100 tales from the world's cinema vaults

Rachael Stoeltje

Rachael Stoeltje is the Founding Director of the Indiana University Libraries Moving Image Archive and the President of the Association of Moving Image Archivists (AMIA). 

Stoeltje, who also teaches moving image preservation at IU’s Luddy School of Informatics, Computing, and Engineering, said  "...the book is not intended to be a comprehensive history of cinematic technology, but to offer interesting descriptions of devices, reveal the impact they had in history and how cinema developed differently worldwide."

 “It’s almost like a portrait of an object,” she said. “What we really wanted to do was to think about objects in archives that tell stories, the technological part of cinema, like the very first camera.”

In a darkened room, a panel of speakers sits on a stage with a large screen above them.  The screen has a collage of images visible. There is a seated audience.
A panel of speakers is seated at a table. A women wearing glasses speaks into a microphone

 Photo credit to Valerio Greco. 

The Brussels-based International Federation of Film Archives (FIAF), dedicated to preserving and accessing the world’s film heritage, published the book in partnership with TECHNÈS, the International Research Partnership on Cinema Technology, based at the University of Montreal.  The June 2023 book launch was a presentation and reception held as part of  the Cinema Ritrovato, a film festival held annually in Bologna, Italy.  

Co-editor Louis Pelletier (TECHNÈS) is a University of Montreal researcher who teaches film history, and also been published by IU Press. Stoeltje, who served on FIAF’s executive committee, said the two organizations issued a call for proposals in late 2020 to 150 archives and related institutions worldwide. She reported 187 proposals received, of which 100 were selected, written by 113 authors. Editing, getting device images, and preparing for publication took more than two years.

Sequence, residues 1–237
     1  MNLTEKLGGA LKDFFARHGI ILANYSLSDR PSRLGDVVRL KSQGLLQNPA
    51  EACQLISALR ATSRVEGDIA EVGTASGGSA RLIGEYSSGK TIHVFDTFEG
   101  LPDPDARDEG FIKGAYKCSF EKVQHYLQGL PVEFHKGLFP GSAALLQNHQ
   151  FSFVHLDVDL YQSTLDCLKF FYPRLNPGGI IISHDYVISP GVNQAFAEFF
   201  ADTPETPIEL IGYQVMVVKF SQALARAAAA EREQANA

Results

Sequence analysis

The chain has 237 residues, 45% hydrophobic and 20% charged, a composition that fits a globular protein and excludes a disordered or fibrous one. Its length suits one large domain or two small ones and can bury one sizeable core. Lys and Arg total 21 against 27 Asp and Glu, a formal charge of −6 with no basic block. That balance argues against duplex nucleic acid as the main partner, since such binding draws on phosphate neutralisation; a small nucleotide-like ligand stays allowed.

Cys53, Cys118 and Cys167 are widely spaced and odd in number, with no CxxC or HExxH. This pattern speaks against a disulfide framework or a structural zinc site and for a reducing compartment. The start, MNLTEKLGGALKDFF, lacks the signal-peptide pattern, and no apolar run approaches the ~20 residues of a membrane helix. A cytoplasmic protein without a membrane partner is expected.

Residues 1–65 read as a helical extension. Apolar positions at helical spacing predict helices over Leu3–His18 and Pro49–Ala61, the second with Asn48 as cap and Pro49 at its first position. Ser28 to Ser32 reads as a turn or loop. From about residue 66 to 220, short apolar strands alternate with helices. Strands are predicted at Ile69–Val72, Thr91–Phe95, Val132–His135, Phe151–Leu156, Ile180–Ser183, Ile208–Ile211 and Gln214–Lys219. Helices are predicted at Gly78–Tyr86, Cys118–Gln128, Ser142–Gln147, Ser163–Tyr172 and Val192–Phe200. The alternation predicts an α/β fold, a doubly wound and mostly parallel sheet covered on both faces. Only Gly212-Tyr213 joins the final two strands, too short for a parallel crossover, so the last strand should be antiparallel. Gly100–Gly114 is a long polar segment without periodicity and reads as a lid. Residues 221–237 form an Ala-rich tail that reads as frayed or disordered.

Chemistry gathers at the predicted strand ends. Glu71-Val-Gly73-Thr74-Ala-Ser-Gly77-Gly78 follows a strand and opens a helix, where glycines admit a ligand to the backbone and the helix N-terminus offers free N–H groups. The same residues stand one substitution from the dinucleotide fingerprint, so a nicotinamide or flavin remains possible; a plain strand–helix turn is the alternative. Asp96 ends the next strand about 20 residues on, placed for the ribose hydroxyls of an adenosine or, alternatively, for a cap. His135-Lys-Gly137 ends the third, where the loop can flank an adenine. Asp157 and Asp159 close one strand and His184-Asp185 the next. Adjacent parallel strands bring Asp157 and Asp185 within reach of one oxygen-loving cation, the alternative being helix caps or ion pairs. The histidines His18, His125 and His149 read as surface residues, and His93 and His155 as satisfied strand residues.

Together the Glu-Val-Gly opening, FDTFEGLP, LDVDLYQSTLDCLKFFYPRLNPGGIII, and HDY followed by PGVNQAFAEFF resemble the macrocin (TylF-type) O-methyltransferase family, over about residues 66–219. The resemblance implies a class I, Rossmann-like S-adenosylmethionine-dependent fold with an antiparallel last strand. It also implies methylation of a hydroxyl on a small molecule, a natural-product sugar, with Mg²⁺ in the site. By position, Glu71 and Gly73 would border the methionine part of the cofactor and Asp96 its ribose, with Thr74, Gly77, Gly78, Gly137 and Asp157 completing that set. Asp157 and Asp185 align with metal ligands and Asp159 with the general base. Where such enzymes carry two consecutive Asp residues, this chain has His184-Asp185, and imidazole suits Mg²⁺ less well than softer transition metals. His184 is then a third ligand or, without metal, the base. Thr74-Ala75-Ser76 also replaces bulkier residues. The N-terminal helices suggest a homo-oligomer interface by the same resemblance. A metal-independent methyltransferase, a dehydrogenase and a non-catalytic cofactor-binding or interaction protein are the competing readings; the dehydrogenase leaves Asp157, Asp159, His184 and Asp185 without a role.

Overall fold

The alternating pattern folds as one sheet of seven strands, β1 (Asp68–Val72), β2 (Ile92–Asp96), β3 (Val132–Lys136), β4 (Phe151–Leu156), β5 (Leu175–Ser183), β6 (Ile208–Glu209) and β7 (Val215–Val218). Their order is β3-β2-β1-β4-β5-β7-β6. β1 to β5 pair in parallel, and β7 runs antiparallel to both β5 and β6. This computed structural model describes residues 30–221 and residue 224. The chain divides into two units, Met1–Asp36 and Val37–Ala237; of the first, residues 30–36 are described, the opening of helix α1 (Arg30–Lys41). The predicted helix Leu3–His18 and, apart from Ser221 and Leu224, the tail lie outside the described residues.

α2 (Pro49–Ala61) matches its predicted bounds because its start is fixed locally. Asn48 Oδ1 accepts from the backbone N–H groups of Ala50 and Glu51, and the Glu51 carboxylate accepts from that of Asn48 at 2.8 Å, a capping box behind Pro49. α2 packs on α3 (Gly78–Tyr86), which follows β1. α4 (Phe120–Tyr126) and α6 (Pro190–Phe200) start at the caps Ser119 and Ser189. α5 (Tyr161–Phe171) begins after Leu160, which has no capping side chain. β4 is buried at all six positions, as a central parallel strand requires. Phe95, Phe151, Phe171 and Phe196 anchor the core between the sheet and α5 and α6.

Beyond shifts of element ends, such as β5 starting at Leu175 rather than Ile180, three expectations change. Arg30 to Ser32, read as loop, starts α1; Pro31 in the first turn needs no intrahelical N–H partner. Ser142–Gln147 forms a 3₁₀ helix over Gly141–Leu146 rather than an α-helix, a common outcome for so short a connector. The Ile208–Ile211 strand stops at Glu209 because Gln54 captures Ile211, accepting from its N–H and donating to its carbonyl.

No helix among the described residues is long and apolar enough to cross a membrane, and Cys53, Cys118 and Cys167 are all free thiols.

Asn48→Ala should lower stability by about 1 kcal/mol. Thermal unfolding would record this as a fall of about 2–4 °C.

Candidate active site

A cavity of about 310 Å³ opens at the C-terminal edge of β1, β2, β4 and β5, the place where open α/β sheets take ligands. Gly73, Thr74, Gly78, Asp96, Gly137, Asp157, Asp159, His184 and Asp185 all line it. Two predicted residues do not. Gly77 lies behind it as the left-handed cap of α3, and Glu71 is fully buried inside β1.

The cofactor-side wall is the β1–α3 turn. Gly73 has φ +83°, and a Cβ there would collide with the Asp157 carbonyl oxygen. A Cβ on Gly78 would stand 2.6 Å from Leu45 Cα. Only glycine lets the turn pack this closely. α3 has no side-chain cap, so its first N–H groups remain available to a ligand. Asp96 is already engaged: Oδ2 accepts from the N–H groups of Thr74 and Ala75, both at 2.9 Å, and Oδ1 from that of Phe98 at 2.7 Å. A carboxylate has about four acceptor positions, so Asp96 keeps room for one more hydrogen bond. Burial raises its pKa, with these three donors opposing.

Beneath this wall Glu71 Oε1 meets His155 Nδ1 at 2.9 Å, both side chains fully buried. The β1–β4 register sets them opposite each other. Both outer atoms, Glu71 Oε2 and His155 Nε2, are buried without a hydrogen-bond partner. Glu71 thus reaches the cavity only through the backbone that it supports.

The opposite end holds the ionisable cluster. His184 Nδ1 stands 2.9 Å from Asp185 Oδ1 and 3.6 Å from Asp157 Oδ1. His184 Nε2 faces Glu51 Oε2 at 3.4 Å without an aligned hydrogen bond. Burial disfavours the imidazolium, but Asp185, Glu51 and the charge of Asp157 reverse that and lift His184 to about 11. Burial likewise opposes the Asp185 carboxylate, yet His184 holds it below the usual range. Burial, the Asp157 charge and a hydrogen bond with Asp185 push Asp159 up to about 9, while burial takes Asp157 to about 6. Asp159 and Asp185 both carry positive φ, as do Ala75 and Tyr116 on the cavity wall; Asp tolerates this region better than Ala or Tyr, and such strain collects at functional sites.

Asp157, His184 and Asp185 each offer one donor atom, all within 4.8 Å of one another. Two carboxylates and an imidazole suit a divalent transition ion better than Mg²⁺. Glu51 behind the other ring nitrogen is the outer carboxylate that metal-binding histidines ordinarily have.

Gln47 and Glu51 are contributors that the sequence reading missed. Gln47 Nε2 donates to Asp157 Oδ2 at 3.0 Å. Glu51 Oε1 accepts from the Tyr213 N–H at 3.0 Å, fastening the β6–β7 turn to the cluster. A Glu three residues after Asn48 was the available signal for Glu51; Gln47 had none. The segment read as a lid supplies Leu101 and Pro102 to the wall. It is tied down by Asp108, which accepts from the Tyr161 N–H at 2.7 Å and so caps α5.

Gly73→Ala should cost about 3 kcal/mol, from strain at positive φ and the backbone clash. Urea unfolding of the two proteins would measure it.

“We received remarkably rich histories,” she said. "Some were written in French and most were in English, but each submission was translated in the other language and included in both."

"Of special interest," she said, "is the foreword written by filmmaker Christopher Nolan, whose movie Oppenheimer came out over the summer." FIAF gave him an honorary award in 2017 for his advocacy for film preservation, and current FIAF Executive Committee member Shivendra Singh Dungarpur asked Mr. Nolan to write the foreword. 

“Even though he was in the midst finalizing everything for Oppenheimer, he accepted. We are so honored to have his contribution,” she said. He writes of the importance of preserving the medium of film and that technological innovations have a timeless quality. 

From the publisher

Tales from the Vaults: Film Technology over the Years and across Continents collects 100 stories of boundless creativity and ingenuity. Submitted by the archives and film preservationists who now care for this long-neglected heritage alongside historians, these tales cover a wide range of pre-cinema, cinema, video and digital devices developed since the eighteenth century, and used all around the world by filmmakers, exhibitors, hobbyists and archivists. Yet, these tales also frequently enable us to conceive film histories that go beyond individual inventors and film auteurs, or the specificities of national cinemas, by making visible the international networks through which film technology was conceived, circulated, used and constantly adapted to emerging practices.